All of the above can be gleaned from the racecard, and all will lose religious followers stacks (not that anyone would back one or more of these religiously).
For comparison purposes, let's include the performance of unnamed favourites, including joint- or co-favourites. Since 2012, they've scored 15,785 times out of 47,683 bets, which equates to a strike rate of 33.1%. That's comfortably higher than any of the racecard snippets.
That one-in-three trip to the pay window will keep you in the game, but the ROI of -6.91% means it's just a slower, less painful, route to bankruptcy.
Conclusions: The Status Quo
So where exactly does this leave us? The table below shows how each of the five racecard factoids measures up against the others, and against the control: unnamed favourite.
There are all sorts of inferences which can be drawn from that little table. The key pair are:
- Consistently betting any 'obvious' racecard angle is punting suicide
- Traditional racecards in Britain are no longer fit for purpose (unless you're a bookmaker)
In fairness, there is an intrinsic cause and effect relationship between those data which are most prominently presented to the market, and the market's voracious desire to subsume such knowledge into the available odds.
In plain English, the most clearly displayed information is the most over-bet information.
Conclusions: The Future
What then can the time-pressed punter do to keep herself in front of the masses, and the market? Clearly, the crucial point is to NOT do what everyone else is doing. That's all well and good, but it would be immeasurably more helpful to understand what to do, rather than what not to do.
Below are a couple of suggestions that ought to sway the balance of probabilities more in your favour:
1. We now know what not to do. So... train yourself to ignore the form string to the left of a horse's name; the betting forecast; and, any letters/symbols on the racecard. Better yet, ignore the actual card itself* and instead focus on whatever form content is included alongside the list of runners and riders.
[*unless it's a Geegeez Gold racecard 😉 ]
You'll be genuinely amazed at how (relatively) easy it is to isolate value when you trust yourself rather than relying on some numbers thunk up by someone else.
2. Look for readily digestible data which is not in the mainstream public domain. Specialist racecard and form services are relatively commonplace, and there are some very good ones out there. Not least of which, naturally, is Geegeez Gold. Our racecards have additional, meaningful, symbols, such as (four different) trainer and jockey form indicators; and flags for horses running for a new trainer (TC) and/or in a handicap for the first time (HC1).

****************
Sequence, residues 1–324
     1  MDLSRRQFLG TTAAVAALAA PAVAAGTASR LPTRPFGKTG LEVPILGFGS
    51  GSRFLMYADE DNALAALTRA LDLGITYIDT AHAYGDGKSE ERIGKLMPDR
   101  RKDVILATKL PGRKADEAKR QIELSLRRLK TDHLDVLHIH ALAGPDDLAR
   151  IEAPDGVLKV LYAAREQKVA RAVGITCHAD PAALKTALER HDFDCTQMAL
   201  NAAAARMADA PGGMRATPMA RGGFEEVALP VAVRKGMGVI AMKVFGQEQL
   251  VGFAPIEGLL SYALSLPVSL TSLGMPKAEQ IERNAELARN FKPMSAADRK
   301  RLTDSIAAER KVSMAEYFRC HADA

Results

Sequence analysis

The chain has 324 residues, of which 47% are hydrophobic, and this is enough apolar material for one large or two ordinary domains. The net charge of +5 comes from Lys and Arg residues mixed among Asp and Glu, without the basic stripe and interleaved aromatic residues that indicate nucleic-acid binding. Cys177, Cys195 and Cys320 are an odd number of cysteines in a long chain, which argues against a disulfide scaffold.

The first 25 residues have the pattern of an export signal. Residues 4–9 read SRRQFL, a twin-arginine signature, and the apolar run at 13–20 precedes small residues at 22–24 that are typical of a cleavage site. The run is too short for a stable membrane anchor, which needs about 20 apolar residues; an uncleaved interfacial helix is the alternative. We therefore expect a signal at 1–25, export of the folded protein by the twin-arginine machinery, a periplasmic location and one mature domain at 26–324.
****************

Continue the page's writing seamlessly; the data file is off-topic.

Clicking on the TC or HC1 indicators opens a report from which you can review the trainer's form (and all others with similar sorts running today) in that context over the past year, two years, five years, or at the course in the past five years.
These are often golden nuggets and, importantly, they're not known to the vast majority of the punting population. Here's a quick example from the 7.15 Uttoxeter tonight, which will hopefully win (all the best examples win!)
Regal Park has form figures of P4P2P/ over jumps. Punters whose first port of call is that data string would leave this fellow well alone. However, he has his first run for Dr Richard Newland this time, and that gives reason to be more optimistic.
We can see (click the image to make it bigger if you're struggling to see) from the trainer form indicators that Dr Newland has the full set of four: two recent form ticks (14 30), and two longer term course form ticks (C1 C09+). Jockey Will Kennedy is also in top recent fettle.
Note as well the TC to the right of Regal Park's name. As I've written, that denotes a change of trainer since last time. So what?, is a perfect legitimate response. Well, let's click the TC and find out [click the image to open it full size in a new window]:
The good Dr Newland has taken charge of 26 second (or more) hand equines in the past two years, and he's won with eleven of them. That's a 42% strike rate. Moreover, the ledger shows a positive balance of 12.51 points at starting price. Taking early BOG prices or BSP would further embellish his already lustrous punting appeal.
It takes me - and anyone else who employs this gen - less than two minutes, literally, to compile this info. That's because I normally take the 'top down' route first: I check the Trainer Change report against my filter settings, and look more closely at horses that fit well.
Win or lose, Regal Park can be expected to step forward on what he's shown historically on the basis that his trainer has shown himself to be able to improve most of the horses he takes into his care. As well as improving them, his record screams of an ability to place those horses optimally.
He was 10/3 with Paddy when I wrote this at 10.40pm Monday night, and for those who can avail of best odds concessions, that will be the worst price you'll get (Rule 4's notwithstanding). Anyway, the point of the example is not to tip especially, but rather to highlight a simple route to finding useful information on the racecard, something that is all but extinct in most of the mainstream digital media and in all printed newspapers.
[STOP PRESS: Regal Park bolted up at 9/4. The Racing Post said "he ended up winning with any amount in hand".]
Now it's over to you: How do you read the racecard? Which elements do you look at first/most? More importantly, what information would you like to see displayed on the card?
Leave a comment below, and let us know.